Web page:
El Salvador
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El Salvador’s Bitcoin Mining Takes The First Steps In Becoming A Volcanode

El Salvador’s President, Nayib Bukele, has amazed the Bitcoin (BTC) community with a brief video. The video purports to show BTC mining equipment going online at a geothermal power plant. The geothermal power plant uses the country’s active volcanoes.

‘The First Steps’

Bukele didn’t say how many machines were currently up. He also did not disclose how much dedicated power to the BTC mining operation; instead, he merely stated that the initiative had taken its “first steps” toward becoming a “volcanode.”

Posters on Reddit were primarily positive, with one predicting that El Salvador will soon be “the world’s richest country.”

Another person described the news as “rad,” while another said it was “impossible to fathom this headline even a few months ago.”

El Salvador Still Not Happy

Bukele enjoys the limelight on the world stage. However, he is also putting out fires at home. The debate over purported government intentions to pay staff with bitcoin rather than fiat currency is still raging.

In El Salvador, BTC acceptance has been tepid. Many people expressing ignorance about how the currency works and concerns about its volatility. Opposition politicians have added gasoline to the fire by claiming that BTC adoption will encourage money laundering.

Bukele debunked the concept that the state will attempt to pay pensions in BTC or allow firms to pay wages in anything other than fiat currency earlier this week.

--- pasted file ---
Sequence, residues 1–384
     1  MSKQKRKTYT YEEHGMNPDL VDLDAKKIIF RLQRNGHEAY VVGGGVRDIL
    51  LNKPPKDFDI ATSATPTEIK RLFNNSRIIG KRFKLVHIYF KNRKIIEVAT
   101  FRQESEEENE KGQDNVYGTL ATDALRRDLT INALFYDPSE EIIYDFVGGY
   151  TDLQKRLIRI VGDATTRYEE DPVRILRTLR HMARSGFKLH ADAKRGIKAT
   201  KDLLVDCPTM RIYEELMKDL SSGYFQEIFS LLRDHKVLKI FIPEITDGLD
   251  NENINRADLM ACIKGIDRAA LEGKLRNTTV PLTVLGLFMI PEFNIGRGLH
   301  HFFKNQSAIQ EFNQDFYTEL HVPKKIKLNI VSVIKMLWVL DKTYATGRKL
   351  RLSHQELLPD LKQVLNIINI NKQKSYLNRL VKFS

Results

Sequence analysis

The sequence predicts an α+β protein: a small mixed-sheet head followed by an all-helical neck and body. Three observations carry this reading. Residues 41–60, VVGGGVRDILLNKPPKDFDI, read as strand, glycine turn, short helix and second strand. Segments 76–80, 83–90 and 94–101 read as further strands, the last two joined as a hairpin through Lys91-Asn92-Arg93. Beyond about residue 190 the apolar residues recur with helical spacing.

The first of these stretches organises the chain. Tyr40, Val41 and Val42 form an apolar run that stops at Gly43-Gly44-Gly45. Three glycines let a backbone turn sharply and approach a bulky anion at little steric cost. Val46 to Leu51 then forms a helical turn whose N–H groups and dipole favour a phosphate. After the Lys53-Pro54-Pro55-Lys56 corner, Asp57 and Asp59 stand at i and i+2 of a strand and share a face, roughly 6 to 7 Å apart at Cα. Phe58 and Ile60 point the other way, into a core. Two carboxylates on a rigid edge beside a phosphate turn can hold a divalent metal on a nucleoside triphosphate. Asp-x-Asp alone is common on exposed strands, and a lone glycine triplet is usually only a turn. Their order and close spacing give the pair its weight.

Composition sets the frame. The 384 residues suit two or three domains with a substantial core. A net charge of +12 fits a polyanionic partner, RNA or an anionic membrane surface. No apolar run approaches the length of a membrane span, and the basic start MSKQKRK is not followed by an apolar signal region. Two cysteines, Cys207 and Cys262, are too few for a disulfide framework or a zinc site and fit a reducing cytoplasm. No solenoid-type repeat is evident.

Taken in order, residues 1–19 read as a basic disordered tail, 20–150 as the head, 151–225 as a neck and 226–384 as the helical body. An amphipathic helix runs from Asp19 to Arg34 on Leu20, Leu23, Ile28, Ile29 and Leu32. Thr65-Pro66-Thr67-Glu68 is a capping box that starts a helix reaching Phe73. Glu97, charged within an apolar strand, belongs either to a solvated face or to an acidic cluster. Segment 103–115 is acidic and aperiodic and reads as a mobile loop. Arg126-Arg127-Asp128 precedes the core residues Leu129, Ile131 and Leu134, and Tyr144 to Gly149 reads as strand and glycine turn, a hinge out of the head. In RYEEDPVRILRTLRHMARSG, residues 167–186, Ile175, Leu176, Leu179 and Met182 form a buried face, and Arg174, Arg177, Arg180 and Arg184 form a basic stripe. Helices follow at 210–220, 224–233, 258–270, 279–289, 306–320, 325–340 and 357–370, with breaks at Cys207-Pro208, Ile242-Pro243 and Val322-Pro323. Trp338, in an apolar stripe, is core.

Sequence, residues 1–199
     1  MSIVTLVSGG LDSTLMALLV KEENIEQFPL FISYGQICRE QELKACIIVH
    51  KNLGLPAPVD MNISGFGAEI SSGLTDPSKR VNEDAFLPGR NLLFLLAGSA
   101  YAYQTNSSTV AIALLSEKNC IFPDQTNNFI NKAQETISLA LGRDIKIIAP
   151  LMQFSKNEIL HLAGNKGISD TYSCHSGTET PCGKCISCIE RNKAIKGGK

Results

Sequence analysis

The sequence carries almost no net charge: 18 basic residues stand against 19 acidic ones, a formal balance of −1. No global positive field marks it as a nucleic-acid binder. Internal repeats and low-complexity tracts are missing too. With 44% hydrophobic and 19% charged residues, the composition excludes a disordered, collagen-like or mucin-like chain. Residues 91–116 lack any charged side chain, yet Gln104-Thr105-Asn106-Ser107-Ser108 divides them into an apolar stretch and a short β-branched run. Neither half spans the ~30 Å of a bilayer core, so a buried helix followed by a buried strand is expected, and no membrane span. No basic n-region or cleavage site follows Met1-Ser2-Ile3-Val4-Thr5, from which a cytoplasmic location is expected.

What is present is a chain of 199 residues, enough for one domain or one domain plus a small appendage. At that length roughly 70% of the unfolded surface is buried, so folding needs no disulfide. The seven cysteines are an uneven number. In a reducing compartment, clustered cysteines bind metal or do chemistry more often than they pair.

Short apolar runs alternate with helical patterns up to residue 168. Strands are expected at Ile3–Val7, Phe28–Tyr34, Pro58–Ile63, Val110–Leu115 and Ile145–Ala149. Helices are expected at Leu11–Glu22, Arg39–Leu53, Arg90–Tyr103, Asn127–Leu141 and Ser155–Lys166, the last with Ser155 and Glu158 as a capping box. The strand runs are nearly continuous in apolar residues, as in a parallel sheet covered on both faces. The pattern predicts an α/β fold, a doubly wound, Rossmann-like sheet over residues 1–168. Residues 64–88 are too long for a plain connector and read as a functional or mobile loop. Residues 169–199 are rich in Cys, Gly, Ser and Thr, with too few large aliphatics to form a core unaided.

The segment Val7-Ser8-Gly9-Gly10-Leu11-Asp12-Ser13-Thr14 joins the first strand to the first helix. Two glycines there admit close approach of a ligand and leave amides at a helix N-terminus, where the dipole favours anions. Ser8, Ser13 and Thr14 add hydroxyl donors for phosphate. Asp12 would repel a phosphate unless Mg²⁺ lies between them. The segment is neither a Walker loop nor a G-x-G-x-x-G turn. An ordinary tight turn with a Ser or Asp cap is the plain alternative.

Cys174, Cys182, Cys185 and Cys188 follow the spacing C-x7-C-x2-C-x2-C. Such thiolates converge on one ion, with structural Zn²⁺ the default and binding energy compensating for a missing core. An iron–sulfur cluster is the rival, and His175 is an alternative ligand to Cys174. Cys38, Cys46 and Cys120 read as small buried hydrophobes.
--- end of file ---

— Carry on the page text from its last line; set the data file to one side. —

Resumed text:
However, rumours continue to surface that the El Salvadoran government is attempting to increase adoption by allowing some businesses to pay employees in BTC.

Opposition Jumps Into Action

Opposition lawmakers have jumped into action. However, their efforts to modify policy will almost probably fail because of Bukele’s supermajority in parliament. According to, El Salvadoran opposition ARENA party MP René Portillo Cuadra took issue with statements made by Bukele on Twitter.

“Wages and pensions, by law, must be paid in dollars,” Bukele remarks.

“There is no legislation that stipulates [pensions or salary] must be paid in United States dollars,” Portillo Cuadra said. As a result, the MP suggested amending the relevant statute and bringing it to a vote in the lower house.

However, the same media site reported that Bukele’s Nuevas Ideas party simply “ignored” the motion, which received only 16 votes in favour and one abstention, well below the threshold required for a complete vote.

Meanwhile, Romeo Auerbach, a member of the opposition GANA party, told reporters that he “would prefer to get my pay in USD rather than BTC regardless of the government’s decision.”

Read More:

El Salvador: Despite the cryptocurrency’s adoption, the opposition is rising

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